Death Comes for the Archbishop  – ★★★★
This novel, which spans from 1848 to 1888, focuses on Jean Marie Latour, a young Frenchman recently appointed as a Vicar Apostolic in the state of New Mexico, a part of land which has only recently been annexed to the US. The Father becomes a new Bishop in the region and he came there with his loyal friend and compatriot Father Joseph Vaillant. The two priests face a whole array of problems in establishing a religious jurisdiction in the new area, from the region’s isolation and merciless climate to authority challenges on the part of Mexican priests. This historical novel can be called a “descriptive tour de force”, rather than a straightforward narrative story. It is more of an anthropological/historical travelogue, focusing on the nature of land and on the people living on it, rather than a linear story. However, this does not make this book a “lesser” novel. On the contrary, Cather leaves plenty of space in the book for colourful descriptions of exotic environs, paying attention to the particular themes, including the ardour of religious duty and the dilemmas of missionary work.
Willa Cather sets her novel in interesting times in a land “barely discovered” and in many aspects – still unknown (“in a dark continent”) [Cather, 1927: 21]. The land and the region take the central place in Cather’s story. We get to know such places in New Mexico as Santa Fe and Albuquerque (obviously), but also Pueblos Acoma and Taos, among others. We are permitted in this story to “savour” each of these places and their atmosphere: “as far as he could see, on every side, the landscape was heaped up into monotonous red sand-hills”…”they were so exactly like one another that he seemed to be wandering in some geometrical nightmare”…”[the] mesa plain had an appearance of great antiquity and of incompleteness; as if, with all the materials for world-making assembled, the Creator had desisted, gone away and left everything on the point of being brought together, on the eve of being arranged into mountain, plain, plateau. The country was still waiting to be made into a landscape” [Cather, 1927: 18, 95].
The author based her book on real historical events, drawing inspiration from the life of Jean-Baptiste Lamy [1814-1888]. The novel provides a curious insight into another life and place, and it is always fascinating to read about the establishment of a religious order in a completely foreign and unknown land, about the challenges that this feat presupposes: “that is a missionary life; to plant where another shall reap” [Cather, 1927: 39]. Such books as Shūsaku Endō’s Silence  and Barbara Kingsolver’s The Poisonwood Bible  deal with this theme thoroughly. In the same vein, in Death Comes for the Archbishop, we simply follow two priests who go about their business, visiting villages under their religious jurisdiction. Along the way they meet various characters (some threatening and some very kind), and there are stories within stories. The encounters with Native American, Mexican, American and European characters are presented vividly alongside certain insights, such as on the mentality of Native Americans or on the nature of worship: [American Indians] seemed to have none of the European’s desire to “master” nature, arrange and re-create. They spent their ingenuity in the other direction, in accommodating themselves to the scene in which they found themselves” [Cather, 1927: 234].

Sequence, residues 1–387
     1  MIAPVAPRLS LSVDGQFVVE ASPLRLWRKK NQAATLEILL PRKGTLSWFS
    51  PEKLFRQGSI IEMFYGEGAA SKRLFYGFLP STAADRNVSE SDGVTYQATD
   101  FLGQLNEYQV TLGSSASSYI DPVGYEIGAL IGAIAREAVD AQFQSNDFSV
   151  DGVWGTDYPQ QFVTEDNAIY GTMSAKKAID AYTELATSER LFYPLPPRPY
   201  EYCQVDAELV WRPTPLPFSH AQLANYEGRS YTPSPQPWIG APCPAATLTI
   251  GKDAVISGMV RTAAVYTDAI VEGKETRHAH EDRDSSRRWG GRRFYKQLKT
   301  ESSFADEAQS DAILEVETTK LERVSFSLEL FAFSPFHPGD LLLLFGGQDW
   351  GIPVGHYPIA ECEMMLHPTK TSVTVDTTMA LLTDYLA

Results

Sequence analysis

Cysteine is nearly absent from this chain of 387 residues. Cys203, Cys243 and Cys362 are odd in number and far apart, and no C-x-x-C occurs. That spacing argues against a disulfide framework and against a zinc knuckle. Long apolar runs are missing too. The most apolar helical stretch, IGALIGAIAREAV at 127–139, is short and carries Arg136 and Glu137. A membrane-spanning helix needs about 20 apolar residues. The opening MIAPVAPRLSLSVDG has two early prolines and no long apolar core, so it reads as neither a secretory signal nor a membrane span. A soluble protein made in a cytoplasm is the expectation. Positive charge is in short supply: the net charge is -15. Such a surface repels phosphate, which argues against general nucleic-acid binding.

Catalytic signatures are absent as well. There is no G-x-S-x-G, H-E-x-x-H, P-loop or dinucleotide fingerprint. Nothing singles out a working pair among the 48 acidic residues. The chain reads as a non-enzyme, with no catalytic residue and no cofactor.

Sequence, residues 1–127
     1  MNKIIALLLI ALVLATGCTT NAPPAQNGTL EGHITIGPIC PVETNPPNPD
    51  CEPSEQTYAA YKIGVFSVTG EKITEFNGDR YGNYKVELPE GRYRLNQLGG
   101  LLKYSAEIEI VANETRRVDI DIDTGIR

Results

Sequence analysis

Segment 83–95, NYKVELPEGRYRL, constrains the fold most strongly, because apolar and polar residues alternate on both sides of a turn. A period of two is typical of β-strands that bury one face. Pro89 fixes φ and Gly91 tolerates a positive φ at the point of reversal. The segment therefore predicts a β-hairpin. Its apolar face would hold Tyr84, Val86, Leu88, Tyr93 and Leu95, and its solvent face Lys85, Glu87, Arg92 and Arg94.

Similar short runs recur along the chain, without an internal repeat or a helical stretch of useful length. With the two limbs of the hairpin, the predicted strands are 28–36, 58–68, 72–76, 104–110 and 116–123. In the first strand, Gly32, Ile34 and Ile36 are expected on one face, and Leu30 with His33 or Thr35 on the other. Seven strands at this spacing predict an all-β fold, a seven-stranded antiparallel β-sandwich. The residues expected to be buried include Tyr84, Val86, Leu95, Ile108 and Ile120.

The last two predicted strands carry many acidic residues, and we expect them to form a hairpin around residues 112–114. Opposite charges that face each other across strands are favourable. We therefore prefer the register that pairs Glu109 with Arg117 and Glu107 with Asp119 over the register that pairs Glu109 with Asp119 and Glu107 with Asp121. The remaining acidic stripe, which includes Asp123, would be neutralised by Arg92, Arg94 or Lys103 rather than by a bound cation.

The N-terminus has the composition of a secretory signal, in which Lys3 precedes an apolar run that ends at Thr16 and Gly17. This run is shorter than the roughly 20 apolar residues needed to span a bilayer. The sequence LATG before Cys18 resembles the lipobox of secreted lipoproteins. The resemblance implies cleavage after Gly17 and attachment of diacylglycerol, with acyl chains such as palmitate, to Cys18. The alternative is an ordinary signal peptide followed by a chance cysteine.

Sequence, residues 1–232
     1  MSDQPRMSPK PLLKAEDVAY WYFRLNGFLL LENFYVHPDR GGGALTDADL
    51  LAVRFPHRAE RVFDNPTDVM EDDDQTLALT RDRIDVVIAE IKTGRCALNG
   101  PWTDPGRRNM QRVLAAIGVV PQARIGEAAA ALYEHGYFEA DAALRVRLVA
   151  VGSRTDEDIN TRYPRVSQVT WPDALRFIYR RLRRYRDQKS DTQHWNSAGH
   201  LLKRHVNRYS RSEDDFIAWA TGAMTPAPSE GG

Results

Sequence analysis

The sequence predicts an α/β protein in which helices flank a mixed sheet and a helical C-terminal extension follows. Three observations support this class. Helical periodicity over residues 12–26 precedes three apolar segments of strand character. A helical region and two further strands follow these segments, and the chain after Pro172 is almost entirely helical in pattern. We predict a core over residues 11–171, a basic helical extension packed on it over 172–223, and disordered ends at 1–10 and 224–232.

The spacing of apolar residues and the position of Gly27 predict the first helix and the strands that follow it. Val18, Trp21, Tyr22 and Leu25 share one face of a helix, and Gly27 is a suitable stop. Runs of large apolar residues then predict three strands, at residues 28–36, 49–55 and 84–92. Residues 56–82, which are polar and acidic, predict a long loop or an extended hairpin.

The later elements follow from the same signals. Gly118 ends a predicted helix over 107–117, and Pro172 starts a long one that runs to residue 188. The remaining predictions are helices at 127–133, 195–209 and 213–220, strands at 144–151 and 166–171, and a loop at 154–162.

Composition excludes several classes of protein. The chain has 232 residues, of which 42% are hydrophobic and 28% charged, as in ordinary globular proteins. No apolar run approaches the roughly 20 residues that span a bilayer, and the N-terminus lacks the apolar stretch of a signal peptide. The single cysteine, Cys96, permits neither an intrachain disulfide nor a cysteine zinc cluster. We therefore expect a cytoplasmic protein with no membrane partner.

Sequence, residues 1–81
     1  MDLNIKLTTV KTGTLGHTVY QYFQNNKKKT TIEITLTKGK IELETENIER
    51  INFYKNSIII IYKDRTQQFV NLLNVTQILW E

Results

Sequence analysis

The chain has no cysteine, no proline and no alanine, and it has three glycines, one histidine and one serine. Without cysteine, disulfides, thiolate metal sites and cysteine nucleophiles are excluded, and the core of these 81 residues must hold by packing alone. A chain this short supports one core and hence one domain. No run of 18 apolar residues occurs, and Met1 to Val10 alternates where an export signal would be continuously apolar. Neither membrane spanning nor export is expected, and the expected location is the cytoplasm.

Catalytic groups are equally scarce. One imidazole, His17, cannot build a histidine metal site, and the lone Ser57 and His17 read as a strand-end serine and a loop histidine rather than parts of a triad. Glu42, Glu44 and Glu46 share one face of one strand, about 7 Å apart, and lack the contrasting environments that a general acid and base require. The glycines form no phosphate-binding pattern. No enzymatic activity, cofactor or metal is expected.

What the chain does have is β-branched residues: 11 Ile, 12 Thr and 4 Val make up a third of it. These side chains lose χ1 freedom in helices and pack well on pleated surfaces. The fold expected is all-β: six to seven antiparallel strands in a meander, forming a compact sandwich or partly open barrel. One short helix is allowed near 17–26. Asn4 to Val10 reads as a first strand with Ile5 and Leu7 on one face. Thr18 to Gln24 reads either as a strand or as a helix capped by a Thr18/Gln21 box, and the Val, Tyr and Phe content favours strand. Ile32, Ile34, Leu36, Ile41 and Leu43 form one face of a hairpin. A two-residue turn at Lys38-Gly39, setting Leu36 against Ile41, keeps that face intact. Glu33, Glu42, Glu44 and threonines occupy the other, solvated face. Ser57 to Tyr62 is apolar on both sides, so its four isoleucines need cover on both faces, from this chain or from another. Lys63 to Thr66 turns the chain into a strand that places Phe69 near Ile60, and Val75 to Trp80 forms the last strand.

Father Latour (Bishop) and Father Vaillant (Joseph) soon realise that in new and hot New Mexico their duties encompass not only priestly matters, but they also have to be part diplomats, part traders, part translators, part governors and even their own cooks – all by sheer necessity. The two men share great friendship, but as Father Latour grows more lonely and homesick as time passes, his colleague Father Vaillant, who can feel at home anywhere, feels invigorated by the challenges and want to help as many people as possible. Also, if Father Vaillant overlooks material possessions and prefers to live humbly, Father Latour has a deeper appreciation and craving for material things that will stand the test of time. So, he decides that a magnificent cathedral should be built in the area so that this building will be “a continuation of himself and his purpose, a physical body full of his aspirations after he had passed from the scene” [Cather, 1927: 175].
One negative aspect of the novel is that Willa Cather sometimes blatantly casts aside the golden rule of fiction “show, don’t tell”, but, to compensate for that, the slow-moving novel also has descriptions that never rush forward and this allows the story itself a space “to breathe”. There are also some generalisations and stereotypes presented, especially regarding native Mexicans as they are contrasted with “educated” Europeans, and Cather should have stuck to just one name for each of her main characters because both of them have three names each in the story and the author uses them interchangeably, causing confusion.
This book with a rather “scary” title hides a gentle narrative that focuses on a particular place and its peculiarities – New Mexico in the mid-1800s. Death Comes for the Archbishop is a fine literary homage to the region’s beauty, mysteries and history.